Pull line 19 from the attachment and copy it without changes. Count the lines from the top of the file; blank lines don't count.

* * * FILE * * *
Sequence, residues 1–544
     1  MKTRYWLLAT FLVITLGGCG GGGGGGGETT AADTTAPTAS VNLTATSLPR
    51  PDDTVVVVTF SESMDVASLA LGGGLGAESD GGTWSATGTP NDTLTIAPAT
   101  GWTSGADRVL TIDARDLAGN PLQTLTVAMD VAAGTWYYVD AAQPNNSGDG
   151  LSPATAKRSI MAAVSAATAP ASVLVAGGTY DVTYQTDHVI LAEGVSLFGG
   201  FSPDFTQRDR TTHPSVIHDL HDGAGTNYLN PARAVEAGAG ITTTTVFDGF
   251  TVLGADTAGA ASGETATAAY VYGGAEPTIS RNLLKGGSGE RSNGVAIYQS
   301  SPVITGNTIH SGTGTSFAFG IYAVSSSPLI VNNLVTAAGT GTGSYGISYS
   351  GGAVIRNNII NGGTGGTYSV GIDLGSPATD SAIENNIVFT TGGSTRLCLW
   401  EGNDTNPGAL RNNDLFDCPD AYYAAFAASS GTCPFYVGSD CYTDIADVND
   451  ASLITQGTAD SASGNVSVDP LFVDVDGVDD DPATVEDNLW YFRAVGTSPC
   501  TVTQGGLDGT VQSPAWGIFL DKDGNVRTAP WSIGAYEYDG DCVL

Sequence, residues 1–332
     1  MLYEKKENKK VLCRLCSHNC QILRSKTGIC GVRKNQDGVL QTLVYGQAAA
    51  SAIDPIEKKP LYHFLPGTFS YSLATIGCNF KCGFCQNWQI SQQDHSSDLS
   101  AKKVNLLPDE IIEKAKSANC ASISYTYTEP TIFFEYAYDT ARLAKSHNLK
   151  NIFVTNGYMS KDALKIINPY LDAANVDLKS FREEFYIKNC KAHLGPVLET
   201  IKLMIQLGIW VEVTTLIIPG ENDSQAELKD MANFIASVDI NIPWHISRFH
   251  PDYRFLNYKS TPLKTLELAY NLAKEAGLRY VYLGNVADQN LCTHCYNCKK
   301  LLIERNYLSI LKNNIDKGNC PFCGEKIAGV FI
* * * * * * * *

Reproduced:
   251  PDYRFLNYKS TPLKTLELAY NLAKEAGLRY VYLGNVADQN LCTHCYNCKK